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Sep 16, 2007 10:55 AM

Spicy food, cocktails, and The Replacement Burger

Lots of good food and drink for me this week... After a bad day of bad news and boring work, I went to Green Street Grill with a friend for some drinks. I can't remember the names of the drinks, but they were good. I had one with maple syrup and one with molasses. My friend had some drink that I can't remember with bourbon or scotch and a drink that was like a cosmo, but with apricot brandy. All were interesting and tasty. People next to us at the bar ordered food and it looked pretty good, but we figured why get expensive decent non-spicy food when cheap, awesome, spicy food is just a few blocks away.

So we went to Mary Chung's. We ordered Suan La Chow Show and General Gau's chicken. Our waitress, Alice, asked "You want it spicy?" I thought she was asking if I wanted the General Gau's chicken non-spicy like it is at most places or like it normally was. So I said "Oh, yes! Spicy!" with perhaps a bit too much enthusiasm... Because holy smokes, that food almost killed me. I think I had been getting a bit too big for my britches lately about my tolerance for spicy food. But that meal has humbled me. Even eating plain rice hurt. It was fun, but I don't think I'll be doing it again anytime soon. It was too spicy to be tasty for me.

Last night I went to Washington Square Tavern. And I would like to hereby nominate them for Best Girly Drinks in the Boston Metro Area. As much as I love the drinks at Eastern Standard, B-Side, and Green Street, sometimes I'm just in the mood for something froufy and fruity. However, I don't ever want something sickly sweet. WST has a pretty big menu of fun cocktails and they're all very good. And enormous. Which may or may not be a good thing...

Even better than the drinks, though, is the burger. I finally had a chance to try their burger and it was seriously tasty. And even better, it was almost exactly like my favorite burger in Portland (at Cafe Castagna). It had the same nice bun, butter lettuce, red onion, and good fries. It was a bit over-cooked, but still incredibly tasty. I can't wait to go back...

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  1. Burger sounds fantastic. I'm still recovering from a tussle with take-out dun dun noodles last night. Man, they are so good, I can't resist, but they pack a mean wallop. Even the dumpling dipping sauce was kicking last night, which is unusual. Great, though.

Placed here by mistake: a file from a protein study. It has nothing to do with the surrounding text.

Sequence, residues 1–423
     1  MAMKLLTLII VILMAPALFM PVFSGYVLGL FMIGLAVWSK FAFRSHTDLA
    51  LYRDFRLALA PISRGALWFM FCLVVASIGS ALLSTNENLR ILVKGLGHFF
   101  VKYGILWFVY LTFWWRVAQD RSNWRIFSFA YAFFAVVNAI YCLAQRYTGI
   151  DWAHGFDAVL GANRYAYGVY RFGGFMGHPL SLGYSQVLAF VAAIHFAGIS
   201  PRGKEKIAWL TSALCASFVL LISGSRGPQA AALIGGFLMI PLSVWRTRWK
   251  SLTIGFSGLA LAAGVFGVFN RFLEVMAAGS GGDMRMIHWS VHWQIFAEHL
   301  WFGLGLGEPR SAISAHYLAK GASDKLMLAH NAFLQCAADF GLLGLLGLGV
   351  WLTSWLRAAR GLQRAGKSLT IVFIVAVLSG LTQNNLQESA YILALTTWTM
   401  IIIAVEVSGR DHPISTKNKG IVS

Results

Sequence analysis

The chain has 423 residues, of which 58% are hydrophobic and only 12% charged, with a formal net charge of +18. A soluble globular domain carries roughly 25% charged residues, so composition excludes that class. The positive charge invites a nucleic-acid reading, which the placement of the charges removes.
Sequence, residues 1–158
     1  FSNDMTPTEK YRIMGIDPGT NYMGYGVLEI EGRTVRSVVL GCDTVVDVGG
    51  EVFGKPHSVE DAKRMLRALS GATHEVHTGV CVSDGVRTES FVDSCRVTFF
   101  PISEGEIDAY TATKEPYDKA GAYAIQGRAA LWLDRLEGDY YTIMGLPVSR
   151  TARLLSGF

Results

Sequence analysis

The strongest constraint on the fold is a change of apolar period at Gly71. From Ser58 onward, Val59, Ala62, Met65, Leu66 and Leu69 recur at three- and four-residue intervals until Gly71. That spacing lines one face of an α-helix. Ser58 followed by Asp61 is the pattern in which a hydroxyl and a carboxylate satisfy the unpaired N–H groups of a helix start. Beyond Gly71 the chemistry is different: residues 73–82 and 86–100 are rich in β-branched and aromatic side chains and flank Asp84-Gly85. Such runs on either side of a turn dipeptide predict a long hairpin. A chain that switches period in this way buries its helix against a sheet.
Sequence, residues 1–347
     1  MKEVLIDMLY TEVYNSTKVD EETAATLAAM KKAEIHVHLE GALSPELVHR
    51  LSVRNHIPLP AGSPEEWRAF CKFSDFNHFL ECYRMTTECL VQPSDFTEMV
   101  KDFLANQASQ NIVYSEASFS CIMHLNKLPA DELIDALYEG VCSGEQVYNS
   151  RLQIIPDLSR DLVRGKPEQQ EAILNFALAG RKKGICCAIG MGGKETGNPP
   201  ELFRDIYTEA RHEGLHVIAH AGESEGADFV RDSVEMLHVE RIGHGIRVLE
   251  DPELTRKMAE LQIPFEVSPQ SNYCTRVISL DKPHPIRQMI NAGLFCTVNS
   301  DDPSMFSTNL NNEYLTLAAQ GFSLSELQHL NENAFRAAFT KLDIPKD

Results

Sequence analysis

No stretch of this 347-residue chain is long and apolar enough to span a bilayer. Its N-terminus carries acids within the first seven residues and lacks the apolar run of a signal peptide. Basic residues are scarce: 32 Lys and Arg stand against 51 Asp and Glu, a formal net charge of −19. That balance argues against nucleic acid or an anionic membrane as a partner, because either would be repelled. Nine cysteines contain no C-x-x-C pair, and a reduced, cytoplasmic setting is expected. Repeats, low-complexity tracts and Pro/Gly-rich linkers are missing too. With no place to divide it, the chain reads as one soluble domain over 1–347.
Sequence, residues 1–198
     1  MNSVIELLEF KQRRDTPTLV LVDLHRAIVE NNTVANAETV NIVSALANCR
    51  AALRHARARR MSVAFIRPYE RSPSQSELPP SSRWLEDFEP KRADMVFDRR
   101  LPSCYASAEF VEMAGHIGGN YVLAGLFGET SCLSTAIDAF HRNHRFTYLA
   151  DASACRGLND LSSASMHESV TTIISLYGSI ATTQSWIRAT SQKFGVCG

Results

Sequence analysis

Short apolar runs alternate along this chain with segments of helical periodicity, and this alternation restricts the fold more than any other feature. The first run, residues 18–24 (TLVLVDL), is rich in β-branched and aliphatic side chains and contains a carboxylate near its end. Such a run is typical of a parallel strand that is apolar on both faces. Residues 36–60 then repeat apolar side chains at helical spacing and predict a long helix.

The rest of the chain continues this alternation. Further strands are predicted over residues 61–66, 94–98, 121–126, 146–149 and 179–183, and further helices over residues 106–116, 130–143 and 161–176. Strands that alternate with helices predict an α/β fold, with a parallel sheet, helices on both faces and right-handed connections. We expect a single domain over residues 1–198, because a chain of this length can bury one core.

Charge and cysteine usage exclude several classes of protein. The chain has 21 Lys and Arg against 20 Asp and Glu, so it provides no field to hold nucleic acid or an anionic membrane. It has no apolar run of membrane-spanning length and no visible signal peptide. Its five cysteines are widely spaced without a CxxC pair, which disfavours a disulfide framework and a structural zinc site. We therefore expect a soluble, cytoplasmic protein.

1. Actually, that's the link to the now-defunct Green Street Grill. The new restaurant in that location is known as Green Street, and its website is .

      I had a nice recent surprise at Washington Square Tavern, which was its wonderful veggie burger, made with black beans and a lot of cumin, kind of Southwestern tasting. Lovely.

      5 Replies
      1. re: MC Slim JB

        Thanks... updated the link.

        Good to know about the veggie burger. Most of my friends don't eat meat, so it's handy to know that there are good meatless options.

        1. re: MC Slim JB

          I must admit, after reading your posts for years, that I am surprised that you would order a veggie burger. Don't know why.... probably my own prejudices against veggie burgers showing through - they have always seemed processed imitation rather than food to lust after.

          As I sit here thinking about it (considering deleting the post entirely), I realize that felafel is essentially a chick pea burger... maybe I should reconsider my opinion.

          1. re: tdaaa

            I could die happy without tasting another Archer Daniels Midland soyburger, but certain housemade veggie burgers are worth ordering. Audubon Circle does a beauty, for one.

            I think the WST folks came from the Miracle of Science/Audubon Circle/Cambridge One/Middlesex Lounge organization, so maybe they carried that legacy with them.

            I saw one good report on The Beehive's walnut/mushroom veggie burger, but I've effectively given up on dining there. Except I still need to try the "piranha ribs" -- a friend of mine (who also thinks their food is mostly pretty bad) raved about those.